The AK Party is being redesigned by Prime Minister Recep Tayyip Erdoğan in order to ensure his influence after his likely election to the presidency. CHP leader Kemal Kılıçdaroğlu has been busy organizing yet another party congress, which seems to have resulted in yet another reshuffle of the party's executive. I have lost track of how many times the CHP has renewed its senior party team.
While the AK Party has been aiming at solidifying its conservative character, it will also try to attract some centrist figures. Similarly, the CHP has been working at attracting some names from the center-right. Whatever the calculations are, it is clear that the two main contenders are aiming to prepare well for the major transformation that is likely to take place in 2014.
What is happening here? First, it is clear that Erdoğan wants to become a powerful president who can determine the future of this country. For this to happen, he needs to push through constitutional amendments that would make him a powerful president. This has not been on the menu of the Constitution Commission, which is tasked with finding a consensus among Turkey's political parties. While there is some progress in the commission's work, delicate matters remain untouched. Frankly, there is little hope in the public that a grand bargain can be reached there.
What I think is likely is that after some time the work of the commission will end up in deadlock and a new draft will be put forward by the AK Party. Whether that draft will include changes to the powers of the presidency is key. If it will, then the next question will be to pass it in Parliament. The AK Party has 325 votes in Parliament and thus needs at least five more voting in favor of such an amendment, assuming, of course, that all AK Party deputies support it. Currently, it seems unlikely to expect such support to come either from the Peace and Democracy Party (BDP) or the CHP, which only leaves the Nationalist Movement Party (MHP). I do not know what the MHP officially thinks of a presidential system, but it seems to be the AK Party's only hope for obtaining some support.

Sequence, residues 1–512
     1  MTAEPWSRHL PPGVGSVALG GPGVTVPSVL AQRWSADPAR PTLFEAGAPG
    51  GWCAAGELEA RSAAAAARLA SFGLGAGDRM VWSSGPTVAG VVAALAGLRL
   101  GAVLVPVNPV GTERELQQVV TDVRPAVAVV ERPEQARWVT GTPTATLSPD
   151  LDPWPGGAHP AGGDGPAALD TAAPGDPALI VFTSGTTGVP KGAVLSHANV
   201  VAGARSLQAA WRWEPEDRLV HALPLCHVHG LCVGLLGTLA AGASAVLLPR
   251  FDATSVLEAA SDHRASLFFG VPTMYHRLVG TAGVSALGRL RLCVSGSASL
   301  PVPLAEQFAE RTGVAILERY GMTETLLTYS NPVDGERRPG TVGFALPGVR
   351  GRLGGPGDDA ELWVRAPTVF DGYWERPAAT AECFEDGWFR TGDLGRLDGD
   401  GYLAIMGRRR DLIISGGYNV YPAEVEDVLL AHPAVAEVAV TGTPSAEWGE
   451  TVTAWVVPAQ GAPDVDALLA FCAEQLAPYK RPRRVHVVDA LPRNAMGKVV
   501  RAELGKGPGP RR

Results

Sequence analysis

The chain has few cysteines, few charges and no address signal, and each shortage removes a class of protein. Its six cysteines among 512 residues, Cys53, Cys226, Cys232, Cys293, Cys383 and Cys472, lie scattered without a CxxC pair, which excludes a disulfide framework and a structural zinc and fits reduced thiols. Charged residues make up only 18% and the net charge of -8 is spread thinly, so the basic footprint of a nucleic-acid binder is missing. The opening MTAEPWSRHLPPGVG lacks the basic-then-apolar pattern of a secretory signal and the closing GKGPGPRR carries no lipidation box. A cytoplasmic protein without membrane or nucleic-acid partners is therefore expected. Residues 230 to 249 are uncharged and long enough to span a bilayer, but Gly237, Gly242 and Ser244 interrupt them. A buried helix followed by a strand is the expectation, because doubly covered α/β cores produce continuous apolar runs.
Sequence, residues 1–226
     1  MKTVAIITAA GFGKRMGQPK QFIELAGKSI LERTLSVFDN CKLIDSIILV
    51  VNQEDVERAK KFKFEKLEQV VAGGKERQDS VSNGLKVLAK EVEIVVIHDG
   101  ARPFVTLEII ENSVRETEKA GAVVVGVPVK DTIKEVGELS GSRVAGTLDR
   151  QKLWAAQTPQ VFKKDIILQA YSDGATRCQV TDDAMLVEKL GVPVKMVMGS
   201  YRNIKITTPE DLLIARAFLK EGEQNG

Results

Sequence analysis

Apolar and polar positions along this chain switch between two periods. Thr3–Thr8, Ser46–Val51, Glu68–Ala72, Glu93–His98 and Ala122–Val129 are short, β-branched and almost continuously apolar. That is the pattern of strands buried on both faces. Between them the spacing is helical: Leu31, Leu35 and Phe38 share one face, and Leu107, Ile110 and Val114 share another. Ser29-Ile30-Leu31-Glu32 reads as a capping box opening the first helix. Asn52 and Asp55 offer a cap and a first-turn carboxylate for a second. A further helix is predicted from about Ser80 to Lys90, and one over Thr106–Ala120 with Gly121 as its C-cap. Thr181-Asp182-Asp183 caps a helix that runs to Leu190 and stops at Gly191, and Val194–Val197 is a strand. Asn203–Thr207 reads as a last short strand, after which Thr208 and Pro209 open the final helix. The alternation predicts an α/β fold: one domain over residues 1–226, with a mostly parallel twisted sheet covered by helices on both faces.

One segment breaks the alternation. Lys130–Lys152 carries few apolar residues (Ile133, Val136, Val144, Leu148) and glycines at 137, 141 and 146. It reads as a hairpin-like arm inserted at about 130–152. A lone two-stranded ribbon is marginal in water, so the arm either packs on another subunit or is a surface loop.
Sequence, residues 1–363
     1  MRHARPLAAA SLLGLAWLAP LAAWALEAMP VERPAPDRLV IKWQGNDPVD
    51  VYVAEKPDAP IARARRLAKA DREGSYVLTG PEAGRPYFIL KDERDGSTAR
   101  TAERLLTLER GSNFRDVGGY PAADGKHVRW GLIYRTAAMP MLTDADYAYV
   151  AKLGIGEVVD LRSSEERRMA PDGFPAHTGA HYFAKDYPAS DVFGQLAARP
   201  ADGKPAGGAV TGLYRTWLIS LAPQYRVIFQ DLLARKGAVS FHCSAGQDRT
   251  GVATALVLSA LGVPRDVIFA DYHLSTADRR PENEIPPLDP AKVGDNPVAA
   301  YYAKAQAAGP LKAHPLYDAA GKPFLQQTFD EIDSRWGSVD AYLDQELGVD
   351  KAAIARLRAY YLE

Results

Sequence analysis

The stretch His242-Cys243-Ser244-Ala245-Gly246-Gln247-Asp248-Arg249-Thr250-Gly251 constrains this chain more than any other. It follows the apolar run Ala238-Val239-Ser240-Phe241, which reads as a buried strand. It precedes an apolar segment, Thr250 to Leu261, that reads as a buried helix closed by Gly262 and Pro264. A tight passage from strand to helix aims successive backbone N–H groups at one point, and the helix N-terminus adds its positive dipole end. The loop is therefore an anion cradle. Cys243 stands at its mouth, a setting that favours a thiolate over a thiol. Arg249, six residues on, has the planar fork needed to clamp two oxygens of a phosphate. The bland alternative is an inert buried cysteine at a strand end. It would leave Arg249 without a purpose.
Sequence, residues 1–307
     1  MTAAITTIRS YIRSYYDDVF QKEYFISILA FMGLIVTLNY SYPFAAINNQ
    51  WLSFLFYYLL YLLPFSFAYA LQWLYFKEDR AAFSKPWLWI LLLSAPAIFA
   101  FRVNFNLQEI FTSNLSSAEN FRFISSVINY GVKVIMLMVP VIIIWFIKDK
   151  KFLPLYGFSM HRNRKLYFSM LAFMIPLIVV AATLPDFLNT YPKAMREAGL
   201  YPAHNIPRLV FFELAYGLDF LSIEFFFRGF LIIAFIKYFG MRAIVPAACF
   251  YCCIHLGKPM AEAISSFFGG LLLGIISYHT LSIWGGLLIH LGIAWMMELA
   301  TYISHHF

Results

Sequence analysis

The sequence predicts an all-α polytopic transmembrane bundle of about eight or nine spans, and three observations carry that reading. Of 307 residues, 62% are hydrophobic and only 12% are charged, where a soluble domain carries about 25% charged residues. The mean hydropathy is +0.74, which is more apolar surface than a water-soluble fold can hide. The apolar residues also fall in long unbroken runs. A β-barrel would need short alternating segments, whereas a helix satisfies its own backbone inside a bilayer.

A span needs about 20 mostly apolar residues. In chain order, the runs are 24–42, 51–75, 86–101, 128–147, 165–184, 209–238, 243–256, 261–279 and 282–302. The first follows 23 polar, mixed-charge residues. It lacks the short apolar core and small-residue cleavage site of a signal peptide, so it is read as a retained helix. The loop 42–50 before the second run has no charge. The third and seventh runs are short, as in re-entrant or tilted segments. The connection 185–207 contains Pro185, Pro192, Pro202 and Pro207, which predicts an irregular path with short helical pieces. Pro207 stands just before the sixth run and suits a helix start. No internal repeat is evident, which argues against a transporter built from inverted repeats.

Then there is the issue of current President Abdullah Gül. It is unclear how he views the current situation. He has certainly refrained from making public statements and is maintaining a robustly statesmanlike approach from the Çankaya presidential palace. Yet, he commands large support from Turkish society and is a rare figure who very few could challenge within the AK Party if he chose to come back. His time in office has seen a considerable increase in respect for the presidency and high approval ratings for himself. He does command support from large segments of society -- be they conservative or not.
Numan Kurtulmuş, the founder of the Voice of the People Party (HAS), seems to be intent on joining the AK Party, which has already stirred the party from the inside. This development is likely to add even more spice into the design of the party. What is happening on the MHP front is unclear to me and frankly it does not matter. The BDP on the other hand has announced it will use the month of Ramadan as a retreat and internally discuss recent developments. The Kurds also need to strategize given the eventful nature of politics on the Kurdish question.
Yet, the fundamental driver of the political scene is Prime Minister Erdoğan. He will determine the main setup on the conservative side. We will see in the coming months what he has in mind and how other actors will respond to that.